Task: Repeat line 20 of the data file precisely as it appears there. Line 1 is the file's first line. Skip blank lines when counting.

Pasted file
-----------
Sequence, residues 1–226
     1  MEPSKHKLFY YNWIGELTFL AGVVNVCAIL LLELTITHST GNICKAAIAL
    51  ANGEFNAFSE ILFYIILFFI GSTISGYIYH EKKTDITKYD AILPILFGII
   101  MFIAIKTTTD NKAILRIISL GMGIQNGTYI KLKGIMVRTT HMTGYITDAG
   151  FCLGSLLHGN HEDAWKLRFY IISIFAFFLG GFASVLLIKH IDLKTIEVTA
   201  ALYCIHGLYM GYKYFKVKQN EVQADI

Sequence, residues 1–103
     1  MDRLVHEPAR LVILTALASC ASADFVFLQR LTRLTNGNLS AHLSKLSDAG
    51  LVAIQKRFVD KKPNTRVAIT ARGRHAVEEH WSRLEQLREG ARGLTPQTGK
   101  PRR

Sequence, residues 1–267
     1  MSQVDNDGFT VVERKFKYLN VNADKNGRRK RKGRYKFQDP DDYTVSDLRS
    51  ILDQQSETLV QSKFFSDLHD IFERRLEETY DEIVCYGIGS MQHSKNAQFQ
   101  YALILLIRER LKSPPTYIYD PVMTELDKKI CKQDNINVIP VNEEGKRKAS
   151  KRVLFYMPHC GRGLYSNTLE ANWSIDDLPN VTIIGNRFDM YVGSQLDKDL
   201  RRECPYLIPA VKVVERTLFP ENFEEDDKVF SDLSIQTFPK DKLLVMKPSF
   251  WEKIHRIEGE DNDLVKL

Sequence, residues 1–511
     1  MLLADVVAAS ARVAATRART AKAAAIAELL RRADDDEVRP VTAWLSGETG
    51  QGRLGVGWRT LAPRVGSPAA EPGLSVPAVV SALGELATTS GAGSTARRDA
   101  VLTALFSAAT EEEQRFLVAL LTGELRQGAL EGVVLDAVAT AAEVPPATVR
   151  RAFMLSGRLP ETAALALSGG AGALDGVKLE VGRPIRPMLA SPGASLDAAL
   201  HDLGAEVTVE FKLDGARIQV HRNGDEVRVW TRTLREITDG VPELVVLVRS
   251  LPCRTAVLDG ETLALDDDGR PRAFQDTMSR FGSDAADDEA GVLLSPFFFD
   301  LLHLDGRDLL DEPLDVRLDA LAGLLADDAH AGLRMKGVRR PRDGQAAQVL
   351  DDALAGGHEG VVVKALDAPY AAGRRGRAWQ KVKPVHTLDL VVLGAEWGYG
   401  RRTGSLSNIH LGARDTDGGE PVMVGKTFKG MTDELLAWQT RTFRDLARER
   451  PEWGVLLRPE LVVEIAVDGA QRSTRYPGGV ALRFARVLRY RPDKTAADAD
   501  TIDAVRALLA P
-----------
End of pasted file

    51  QGRLGVGWRT LAPRVGSPAA EPGLSVPAVV SALGELATTS GAGSTARRDA